Professor Sir Ludwig 'Poppa' Guttmann CBE FRS is known as the father of the Paralympic movement. He was the medical pioneer who proved that disabled sport could be as competitive and exciting as non-disabled sport.
Guttmann was born in Tost, Germany (now Toszek, Poland) on this day, 3 July 1899 and went on to receive his M.D. in 1924.
However, with the rise of the Nazi party and the passing of the Nuremberg Laws in 1933, Guttmann was prevented from practising medicine professionally. Following Kristallnacht in 1938 and the increasing persecution of Jews in Germany, Guttmann was forced to leave Germany with his family and was able to escape to England in 1939.
In 1948, he organized a 16-person archery contest, one of the first official competitive sporting events for wheelchair users. Later called the Stoke Mandeville Games or the “Olympics for the Disabled,” the competition demonstrated the power of elite sport to break down barriers for disability and garnered the attention of global medical and sporting communities.
In 1960, Guttmann facilitated the International Stoke Mandeville Games, following the 1960 Summer Olympics, the first of many Paralympic Games.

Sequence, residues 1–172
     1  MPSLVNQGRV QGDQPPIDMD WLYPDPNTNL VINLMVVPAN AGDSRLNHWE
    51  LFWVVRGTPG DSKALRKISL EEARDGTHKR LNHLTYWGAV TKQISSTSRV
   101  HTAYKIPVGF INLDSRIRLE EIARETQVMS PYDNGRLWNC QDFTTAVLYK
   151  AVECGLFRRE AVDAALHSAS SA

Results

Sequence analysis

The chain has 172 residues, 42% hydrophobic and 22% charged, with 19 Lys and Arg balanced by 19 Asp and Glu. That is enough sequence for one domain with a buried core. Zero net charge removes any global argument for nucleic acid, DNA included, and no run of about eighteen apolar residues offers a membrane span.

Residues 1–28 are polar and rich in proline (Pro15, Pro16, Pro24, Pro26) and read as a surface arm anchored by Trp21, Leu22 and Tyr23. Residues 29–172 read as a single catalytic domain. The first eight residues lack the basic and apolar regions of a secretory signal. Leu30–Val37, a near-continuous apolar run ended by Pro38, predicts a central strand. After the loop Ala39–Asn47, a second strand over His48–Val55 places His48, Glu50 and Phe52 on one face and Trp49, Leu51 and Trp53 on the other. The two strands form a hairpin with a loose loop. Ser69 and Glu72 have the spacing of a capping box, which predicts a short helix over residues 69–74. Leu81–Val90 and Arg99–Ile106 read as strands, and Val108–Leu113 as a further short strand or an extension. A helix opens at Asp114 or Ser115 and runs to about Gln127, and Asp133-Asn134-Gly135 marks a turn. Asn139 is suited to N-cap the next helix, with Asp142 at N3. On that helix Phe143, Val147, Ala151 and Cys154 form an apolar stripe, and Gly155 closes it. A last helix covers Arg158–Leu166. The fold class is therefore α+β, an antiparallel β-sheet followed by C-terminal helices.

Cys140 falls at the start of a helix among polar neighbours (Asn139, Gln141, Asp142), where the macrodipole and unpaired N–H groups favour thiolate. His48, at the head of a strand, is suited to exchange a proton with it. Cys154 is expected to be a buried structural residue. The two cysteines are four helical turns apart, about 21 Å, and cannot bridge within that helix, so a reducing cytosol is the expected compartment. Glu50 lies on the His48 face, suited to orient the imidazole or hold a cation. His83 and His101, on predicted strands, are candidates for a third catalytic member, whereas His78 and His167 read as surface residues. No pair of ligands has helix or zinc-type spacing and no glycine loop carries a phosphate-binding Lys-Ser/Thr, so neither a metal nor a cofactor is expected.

He received numerous accolades for his contributions, the highest among which was being knighted by Her Majesty the Queen in 1966.
Today, Paralympic athletes are rightfully recognized for their skills and achievements.
The Paralympic Games continue to be a driving force for promoting the rights and independence of people with disabilities, with a lasting impact on equal treatment and opportunity.
Founder of the Paralympic Movement, Professor Sir Ludwig Guttmann was the medical pioneer who created the first Paralympic Games.
Invite your students in-person lessons or remote learning to learn more about his story and legacy on Google Arts & Culture.
Oops! I forgot to write about the posts of April, and May. Let's do it ! The world continues to be affected by severe pandemic restrictions. In so many countries schools are always closed or reopen and reclosed schools. Millions of students don't have access to in-person lessons.
In Portugal, in-person classes with hybrid teaching finished last days of June. Only Secondary schools and Universities continue for the exams.
Here are the most popular posts of April: